Review: Despite having already released a 16 track album this year, Detroit's finest, Omar S, proves that there is quite simply nothing stopping him as he issues the four track Nelson County. "Don't Let Dis Be HapNin! Comes on like the classic "Psychotic Photosynthesis" at witnessed through a haze of smoked glass, while "U Heard What Da Man Said Muthafukka!!" is something much more driving, like taking a spin on Detroit's streets after dark in a souped up Dodge Charger, before "Nelson County" sees the tough house-focused denouement take place in a dingy backstreet club. As always with Omar S, this stuff doesn't mess about....
Hit It Bubba (I Want My Dadda's Rekids!!!!) (5:42)
Party Marty (5:47)
Review: The Detroit badman always delivers the goods, but he'd recently focussed on his more house-centric style thanks to a series of sleek, soulful releases. This time, he's come out all guns blazing with this new four-part killer, led by the absolutely nutty groove that is "Sink Holes" - a proper slice of Omar S acid, delivered in fine style and with his inimitable rawness. "HELL ON EARTH" is a moodier, funkier house tip with a jazzy side, while the flipside's "Hit It Bubba (I Want My Dadda's Rekids!!!!)" is a fast, upbeat house bomb with a crazy little disco sample that floats amid the grainy bass drums. "Party Marty" is a no nonsense kind of lick, pouncing away with a steady, yet unmistakably Omar S-style percussion, and a heavy bass blow. This is one hell of a way to make an appearance this early in the year - highly recommended!!
Review: Six brand new shakers from Omar S...This is the sh*t! Never confined to one particular genre, Omar is again blending house, techno and even minimal styles into one big pot of deep Detroit underground funk. There's even some Basic Channel / Deep Chord vibes going on there somewhere. Simply killer.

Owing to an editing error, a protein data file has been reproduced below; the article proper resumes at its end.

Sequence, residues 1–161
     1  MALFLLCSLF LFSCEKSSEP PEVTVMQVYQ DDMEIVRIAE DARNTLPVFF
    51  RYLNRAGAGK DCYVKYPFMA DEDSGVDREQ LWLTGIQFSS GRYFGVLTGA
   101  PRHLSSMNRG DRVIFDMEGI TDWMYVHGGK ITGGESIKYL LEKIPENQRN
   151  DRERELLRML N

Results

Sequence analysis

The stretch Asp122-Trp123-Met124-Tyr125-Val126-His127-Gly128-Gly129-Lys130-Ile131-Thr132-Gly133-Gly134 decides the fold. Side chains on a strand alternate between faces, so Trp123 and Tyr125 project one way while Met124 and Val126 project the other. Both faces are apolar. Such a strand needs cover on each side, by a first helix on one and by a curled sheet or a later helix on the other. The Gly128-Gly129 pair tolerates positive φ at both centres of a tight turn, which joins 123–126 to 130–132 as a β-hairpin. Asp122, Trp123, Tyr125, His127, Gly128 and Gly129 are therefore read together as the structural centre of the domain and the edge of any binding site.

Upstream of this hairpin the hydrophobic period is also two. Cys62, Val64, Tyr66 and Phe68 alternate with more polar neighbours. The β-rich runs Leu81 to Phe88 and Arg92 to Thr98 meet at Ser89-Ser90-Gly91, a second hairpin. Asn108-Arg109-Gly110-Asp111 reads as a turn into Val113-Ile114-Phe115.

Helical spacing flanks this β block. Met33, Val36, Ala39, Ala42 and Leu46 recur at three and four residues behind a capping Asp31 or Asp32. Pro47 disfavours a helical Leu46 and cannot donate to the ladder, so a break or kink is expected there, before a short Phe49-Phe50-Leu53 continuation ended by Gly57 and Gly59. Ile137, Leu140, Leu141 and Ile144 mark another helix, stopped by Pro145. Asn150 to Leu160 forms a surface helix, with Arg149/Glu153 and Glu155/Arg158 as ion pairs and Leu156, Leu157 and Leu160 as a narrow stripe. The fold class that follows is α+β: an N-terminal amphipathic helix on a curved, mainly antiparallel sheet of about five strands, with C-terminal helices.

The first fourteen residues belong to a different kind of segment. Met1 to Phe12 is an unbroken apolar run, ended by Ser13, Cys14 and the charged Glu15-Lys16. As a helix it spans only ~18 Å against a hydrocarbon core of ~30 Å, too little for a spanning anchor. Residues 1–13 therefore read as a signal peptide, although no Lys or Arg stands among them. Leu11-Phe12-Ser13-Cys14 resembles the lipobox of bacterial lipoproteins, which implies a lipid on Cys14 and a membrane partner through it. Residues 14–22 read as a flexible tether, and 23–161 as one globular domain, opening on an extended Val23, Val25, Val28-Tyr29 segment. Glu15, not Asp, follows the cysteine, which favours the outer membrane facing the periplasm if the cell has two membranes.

Review: The dub aspects on these electronics are less obvious but can be traced within the way of the arrangements. Multiple layers of more or less coloured noisy and organic soundscapes are put together to form a kind of ambient that has the force to slow down time itself. The perfect music to heal hyperactive urbaners - just sit down, listen, watch, do nothing.
Review: At the third release on their deep house division Basic Channel keeps introducing new singers. Paul St Hilaire brings in a refreshing reggae flavour to the rather classic deep house set-up. The main vocal mix one A-side is allied with an instrumental on the B-side that reminiscent of Maurizio or Basic Channel releases.
Review: been four years since Chicago producer Andres "Specter" Ordonez pitched up on Theo Parrish's Sound Signature label with the smoky, bleep-laden killer "Pipe Bomb". Here, he returns to the Detroit veteran's imprint, bringing with him three more slabs of fuzzy analogue oddness. "The Gooch" is the real killer, a 10-minute freakout that sounds like a jazz band making murky techno with just analogue machinery to play with - all wonky electronics, subtle acid and loose but relentless cymbals. The bolder "Zodiak" impresses with its 303-driven aggression, while "Body Blow" sounds like Hieroglyphic Being jamming with Buddy Miles. On Mars. That's gotta be good, right?
Review: Will Bankhead's Trilogy Tapes imprint continues their assault on 2012 with the latest release of Tuff Sherm - an alias of TTT regular Dro Carey. Sitting nicely alongside the KM/MM and Willie Burns releases on TTT this year, the Pharmacy EP showcases a sound that is part raw techno, part submerged house; the title track combines rolling tom-heavy percussion with abrasive unprocessed synth tones, like Drexciya jamming with Kassem Mosse. On the flip, "Hydlide" makes things even murkier, with some abstract beatdown house that would give Madteo a run for his money, while "Leg Man" is another trip down the wormhole of abstract loops and minimal clockwork rhythms. We probably don't need to tell you, but this is another essential 12" from TTT!
Review: This time the Mojuba sublabel brings us the second part of the 'Detroit' series by the label owner Don Williams himself. This one-sided
record features two fine examples of music inspired by the city of D. The first one is a pumping, peak-time cut to hit the dancefloors with
and might become an essential tool for the ambitious DJ. The second track convinces in its very own character, providing a feeling that
many will recognize from the early years of techno, when this music was connected to the listener in a more deep and emotional way.